Avalanche Advisory: Saturday - Mar 10, 2018

 
 
 
 
 
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THIS AVALANCHE ADVISORY EXPIRED ON March 11, 2018 @ 7:43 am
Avalanche Advisory published on March 10, 2018 @ 6:43 am
Issued by Clancy Nelson - Eastern Sierra Avalanche Center

The avalanche danger is MODERATE today in alpine terrain where lingering wind slabs may still be triggered in extreme terrain. Human triggered avalanches may be possible on steep slopes where drifts have most recently developed. The danger will remain MODERATE for deep slab avalanches as well. Though the likelihood of triggering these deeper layers is low, the consequences could be high. Look into the snowpack to test these weak layers before you commit to playing on northerly facing slopes.

2. Moderate

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Above Treeline
Heightened avalanche conditions on specific terrain features. Evaluate snow and terrain carefully; identify features of concern.

2. Moderate

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Near Treeline
Heightened avalanche conditions on specific terrain features. Evaluate snow and terrain carefully; identify features of concern.

1. Low

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Below Treeline
Generally safe avalanche conditions. Watch for unstable snow on isolated terrain features.
    Heightened avalanche conditions on specific terrain features. Evaluate snow and terrain carefully; identify features of concern.
Avalanche Problem 1: Wind Slab
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Strong SW winds on the 7th and 8th had ample snow to blow onto NW-N-NE-E-SE aspects near and above treeline. A natural wind slab avalanche was observed in the Virginia Lakes area on Thursday. Though most wind slabs deposited during this even have become more and more stubborn it may not be impossible to find a wind deposit sensitive enough for you to trigger today in extreme terrain. Be aware of hollow sounding pillows of dense snow just under cornices, in the top of steep chutes, or on the sidewalls of alpine gullies. Low snow amounts and light winds today are unlikely to creat new wind slabs, but be aware of localized areas of blowing snow as it may point to new wind slab development through the evening.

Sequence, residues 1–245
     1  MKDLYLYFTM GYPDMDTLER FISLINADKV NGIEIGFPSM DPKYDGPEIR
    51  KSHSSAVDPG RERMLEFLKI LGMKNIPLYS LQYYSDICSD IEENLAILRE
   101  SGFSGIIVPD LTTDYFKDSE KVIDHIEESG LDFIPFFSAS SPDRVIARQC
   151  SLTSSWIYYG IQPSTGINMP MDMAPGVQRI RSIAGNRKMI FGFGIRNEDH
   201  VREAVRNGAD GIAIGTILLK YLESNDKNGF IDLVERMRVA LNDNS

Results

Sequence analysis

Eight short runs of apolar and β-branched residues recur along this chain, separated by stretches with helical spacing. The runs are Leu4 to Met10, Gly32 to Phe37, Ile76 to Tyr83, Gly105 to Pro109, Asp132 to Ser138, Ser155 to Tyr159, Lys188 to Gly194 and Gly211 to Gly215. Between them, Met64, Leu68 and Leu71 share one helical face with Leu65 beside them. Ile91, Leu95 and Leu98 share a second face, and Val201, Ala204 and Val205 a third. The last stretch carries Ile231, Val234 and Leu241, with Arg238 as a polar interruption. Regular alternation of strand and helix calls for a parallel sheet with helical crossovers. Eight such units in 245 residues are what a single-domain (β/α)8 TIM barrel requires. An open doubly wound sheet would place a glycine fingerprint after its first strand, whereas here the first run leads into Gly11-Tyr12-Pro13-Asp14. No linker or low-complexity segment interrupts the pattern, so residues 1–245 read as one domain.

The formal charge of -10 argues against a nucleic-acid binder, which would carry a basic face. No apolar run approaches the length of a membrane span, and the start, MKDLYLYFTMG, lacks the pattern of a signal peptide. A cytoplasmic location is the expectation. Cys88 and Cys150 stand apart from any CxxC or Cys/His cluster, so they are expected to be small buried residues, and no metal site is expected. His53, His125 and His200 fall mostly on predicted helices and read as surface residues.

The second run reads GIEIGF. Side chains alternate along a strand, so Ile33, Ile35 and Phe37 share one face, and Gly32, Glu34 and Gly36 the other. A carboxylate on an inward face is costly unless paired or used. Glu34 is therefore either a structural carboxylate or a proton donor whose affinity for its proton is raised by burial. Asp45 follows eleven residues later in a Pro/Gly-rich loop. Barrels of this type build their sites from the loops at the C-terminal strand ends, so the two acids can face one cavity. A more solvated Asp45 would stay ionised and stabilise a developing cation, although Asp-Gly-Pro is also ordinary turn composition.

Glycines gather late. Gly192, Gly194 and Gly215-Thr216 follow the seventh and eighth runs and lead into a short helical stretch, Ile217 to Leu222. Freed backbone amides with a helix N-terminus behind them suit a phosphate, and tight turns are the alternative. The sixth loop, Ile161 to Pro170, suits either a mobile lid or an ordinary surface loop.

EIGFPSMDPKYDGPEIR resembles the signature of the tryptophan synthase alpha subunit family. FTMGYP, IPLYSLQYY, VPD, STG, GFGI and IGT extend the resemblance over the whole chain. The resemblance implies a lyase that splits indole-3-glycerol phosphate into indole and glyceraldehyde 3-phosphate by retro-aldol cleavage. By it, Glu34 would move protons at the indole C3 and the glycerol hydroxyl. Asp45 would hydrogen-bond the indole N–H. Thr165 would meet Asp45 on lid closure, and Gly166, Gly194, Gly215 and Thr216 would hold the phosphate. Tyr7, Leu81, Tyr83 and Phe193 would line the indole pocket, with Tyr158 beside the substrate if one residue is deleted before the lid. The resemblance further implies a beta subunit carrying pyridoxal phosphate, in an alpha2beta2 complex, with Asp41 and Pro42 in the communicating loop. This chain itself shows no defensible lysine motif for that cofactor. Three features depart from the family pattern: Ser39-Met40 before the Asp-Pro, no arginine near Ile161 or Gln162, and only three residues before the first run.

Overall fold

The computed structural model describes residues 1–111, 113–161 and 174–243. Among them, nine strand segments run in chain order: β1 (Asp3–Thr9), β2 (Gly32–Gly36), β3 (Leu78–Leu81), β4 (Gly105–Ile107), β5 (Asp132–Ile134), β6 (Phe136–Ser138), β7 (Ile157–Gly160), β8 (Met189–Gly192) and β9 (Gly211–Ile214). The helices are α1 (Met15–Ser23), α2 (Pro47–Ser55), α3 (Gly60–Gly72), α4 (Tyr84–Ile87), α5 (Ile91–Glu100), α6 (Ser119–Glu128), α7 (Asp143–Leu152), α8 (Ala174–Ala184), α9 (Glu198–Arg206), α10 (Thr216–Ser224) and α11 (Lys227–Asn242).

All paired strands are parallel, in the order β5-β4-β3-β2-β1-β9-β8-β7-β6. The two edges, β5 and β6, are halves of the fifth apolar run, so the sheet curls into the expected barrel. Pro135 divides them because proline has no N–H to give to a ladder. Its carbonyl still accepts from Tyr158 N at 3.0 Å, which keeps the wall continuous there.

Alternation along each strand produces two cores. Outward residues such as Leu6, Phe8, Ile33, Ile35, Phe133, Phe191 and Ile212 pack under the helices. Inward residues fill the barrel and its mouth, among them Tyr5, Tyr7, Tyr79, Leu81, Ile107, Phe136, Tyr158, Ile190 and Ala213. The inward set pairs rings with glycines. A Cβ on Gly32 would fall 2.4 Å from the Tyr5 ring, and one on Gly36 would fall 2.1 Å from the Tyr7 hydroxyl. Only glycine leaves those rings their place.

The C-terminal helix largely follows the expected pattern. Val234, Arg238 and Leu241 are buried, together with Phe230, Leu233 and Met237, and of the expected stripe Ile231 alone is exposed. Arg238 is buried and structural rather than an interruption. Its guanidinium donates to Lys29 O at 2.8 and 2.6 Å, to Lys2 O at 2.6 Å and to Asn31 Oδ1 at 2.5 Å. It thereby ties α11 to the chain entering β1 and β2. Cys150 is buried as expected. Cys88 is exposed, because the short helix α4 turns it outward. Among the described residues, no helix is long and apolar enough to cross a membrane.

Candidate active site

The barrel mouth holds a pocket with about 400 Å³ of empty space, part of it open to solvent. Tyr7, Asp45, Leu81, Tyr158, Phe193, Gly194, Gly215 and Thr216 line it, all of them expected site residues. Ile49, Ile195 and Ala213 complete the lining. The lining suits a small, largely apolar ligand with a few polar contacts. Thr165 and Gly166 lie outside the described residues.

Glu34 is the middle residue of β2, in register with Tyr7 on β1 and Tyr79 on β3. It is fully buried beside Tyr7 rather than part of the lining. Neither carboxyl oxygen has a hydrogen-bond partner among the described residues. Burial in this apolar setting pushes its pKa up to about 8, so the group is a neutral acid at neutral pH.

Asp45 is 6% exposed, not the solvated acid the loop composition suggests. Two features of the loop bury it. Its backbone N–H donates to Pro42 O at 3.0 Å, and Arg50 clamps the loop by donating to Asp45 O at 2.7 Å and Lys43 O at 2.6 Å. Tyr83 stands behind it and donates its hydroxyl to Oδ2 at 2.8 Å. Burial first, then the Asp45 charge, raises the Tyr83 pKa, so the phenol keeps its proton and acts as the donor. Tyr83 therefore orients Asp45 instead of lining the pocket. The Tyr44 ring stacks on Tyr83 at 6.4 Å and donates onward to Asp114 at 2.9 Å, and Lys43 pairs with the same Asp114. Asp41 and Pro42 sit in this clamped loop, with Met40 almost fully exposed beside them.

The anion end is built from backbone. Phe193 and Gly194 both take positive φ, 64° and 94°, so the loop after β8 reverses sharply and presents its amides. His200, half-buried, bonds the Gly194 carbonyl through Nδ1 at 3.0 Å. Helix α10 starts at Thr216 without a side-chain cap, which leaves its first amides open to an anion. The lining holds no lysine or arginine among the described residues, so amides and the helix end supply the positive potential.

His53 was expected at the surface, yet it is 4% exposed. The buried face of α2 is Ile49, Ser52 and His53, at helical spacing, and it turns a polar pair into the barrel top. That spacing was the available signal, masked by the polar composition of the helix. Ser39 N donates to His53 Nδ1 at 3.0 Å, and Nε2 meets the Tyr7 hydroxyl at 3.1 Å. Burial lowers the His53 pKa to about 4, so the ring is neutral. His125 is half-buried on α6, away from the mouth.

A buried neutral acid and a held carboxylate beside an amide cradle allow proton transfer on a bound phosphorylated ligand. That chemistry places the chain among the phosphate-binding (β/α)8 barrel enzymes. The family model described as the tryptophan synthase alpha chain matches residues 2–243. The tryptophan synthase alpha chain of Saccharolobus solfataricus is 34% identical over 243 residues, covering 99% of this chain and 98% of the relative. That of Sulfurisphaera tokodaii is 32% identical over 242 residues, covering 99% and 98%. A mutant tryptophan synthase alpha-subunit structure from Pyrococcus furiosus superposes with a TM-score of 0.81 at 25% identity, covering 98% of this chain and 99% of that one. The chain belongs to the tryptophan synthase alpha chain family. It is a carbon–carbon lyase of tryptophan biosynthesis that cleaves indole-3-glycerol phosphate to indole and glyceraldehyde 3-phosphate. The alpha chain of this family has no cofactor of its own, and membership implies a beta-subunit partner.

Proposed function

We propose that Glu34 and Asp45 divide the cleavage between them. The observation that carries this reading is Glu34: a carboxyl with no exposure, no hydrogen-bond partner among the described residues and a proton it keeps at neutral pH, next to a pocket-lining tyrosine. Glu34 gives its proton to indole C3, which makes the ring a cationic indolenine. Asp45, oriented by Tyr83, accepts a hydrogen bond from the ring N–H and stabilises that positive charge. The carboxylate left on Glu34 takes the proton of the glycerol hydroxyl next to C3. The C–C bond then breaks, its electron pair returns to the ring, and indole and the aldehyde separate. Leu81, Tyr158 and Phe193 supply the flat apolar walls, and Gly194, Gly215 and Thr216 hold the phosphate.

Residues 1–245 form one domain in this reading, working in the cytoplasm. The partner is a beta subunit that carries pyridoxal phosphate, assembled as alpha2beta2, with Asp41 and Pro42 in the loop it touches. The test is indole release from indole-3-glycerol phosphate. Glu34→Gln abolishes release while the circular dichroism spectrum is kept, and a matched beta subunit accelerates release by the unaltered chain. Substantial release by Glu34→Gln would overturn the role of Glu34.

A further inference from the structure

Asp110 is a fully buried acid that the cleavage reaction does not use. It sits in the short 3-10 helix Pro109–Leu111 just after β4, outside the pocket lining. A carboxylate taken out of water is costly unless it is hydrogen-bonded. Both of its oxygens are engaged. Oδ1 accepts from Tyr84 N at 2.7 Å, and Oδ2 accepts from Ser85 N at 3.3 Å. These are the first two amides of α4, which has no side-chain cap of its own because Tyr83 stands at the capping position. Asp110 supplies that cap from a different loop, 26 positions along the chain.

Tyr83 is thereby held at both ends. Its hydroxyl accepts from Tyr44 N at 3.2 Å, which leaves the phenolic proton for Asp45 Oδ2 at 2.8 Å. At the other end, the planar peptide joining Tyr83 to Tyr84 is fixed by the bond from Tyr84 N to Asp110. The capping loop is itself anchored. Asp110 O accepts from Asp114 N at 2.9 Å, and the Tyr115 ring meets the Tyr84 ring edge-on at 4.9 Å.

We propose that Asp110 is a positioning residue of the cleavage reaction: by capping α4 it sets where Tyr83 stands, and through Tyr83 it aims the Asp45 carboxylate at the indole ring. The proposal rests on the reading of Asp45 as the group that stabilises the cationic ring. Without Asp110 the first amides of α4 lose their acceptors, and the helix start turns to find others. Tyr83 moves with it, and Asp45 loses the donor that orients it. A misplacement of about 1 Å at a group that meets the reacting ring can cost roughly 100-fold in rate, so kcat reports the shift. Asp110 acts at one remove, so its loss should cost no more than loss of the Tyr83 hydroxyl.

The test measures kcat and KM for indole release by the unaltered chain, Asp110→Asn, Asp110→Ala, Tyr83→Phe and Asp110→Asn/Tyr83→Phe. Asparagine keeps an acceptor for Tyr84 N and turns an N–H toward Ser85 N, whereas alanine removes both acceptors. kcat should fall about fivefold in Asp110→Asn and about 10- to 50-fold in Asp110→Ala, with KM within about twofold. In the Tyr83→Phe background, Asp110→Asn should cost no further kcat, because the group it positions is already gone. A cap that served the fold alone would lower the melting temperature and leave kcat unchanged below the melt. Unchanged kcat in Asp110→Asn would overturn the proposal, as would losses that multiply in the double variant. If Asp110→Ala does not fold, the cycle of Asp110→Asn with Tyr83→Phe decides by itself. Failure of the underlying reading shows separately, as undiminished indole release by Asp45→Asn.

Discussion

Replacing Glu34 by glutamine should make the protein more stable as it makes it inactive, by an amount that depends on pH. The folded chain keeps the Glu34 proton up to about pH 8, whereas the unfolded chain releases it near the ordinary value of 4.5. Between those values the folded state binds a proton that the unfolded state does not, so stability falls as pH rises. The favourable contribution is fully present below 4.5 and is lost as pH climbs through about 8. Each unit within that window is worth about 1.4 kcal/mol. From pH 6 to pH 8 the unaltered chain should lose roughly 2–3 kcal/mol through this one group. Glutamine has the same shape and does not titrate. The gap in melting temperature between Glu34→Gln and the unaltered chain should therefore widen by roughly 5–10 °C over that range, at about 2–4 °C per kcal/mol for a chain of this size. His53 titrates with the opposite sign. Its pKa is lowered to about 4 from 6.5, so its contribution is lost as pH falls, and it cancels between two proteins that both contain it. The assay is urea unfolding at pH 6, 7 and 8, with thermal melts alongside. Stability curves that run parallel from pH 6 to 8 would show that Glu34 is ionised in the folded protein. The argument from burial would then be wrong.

Avalanche Problem 2: Deep Slab
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All season we have to discussing and tracking layers of persistent, weak, sugary snow (facets) that developed in areas that had shallow snow coverage prior to the storm that began March 1st. That event finally dropped enough snow to act as a cohesive slab overlying the persistent weak layers and some very large and destructive avalanches occurred through March 4th. While the threat of failure in the buried facets seems to be improving, deeply buried weaknesses are notoriously hard to predict. Cracking on the slope around you and rapid settlement heard as a “whumph” are direct signs of instability are should scare you. Snowpack tests can help you determine how sensitive these weaker snow grains are in your area. It is important to monitor these facets because while triggering them is becoming increasingly unlikely, the consequences could be high. You will most likely find these facets on NW-N-NE facing slopes buried between 1 and 1.5m deep. We have seen these layers most between 9000' and 10,500', but large avalanches in the alpine as recently as 3/4 show that areas of deeply buried facets may exist at upper elevations as well.

advisory discussion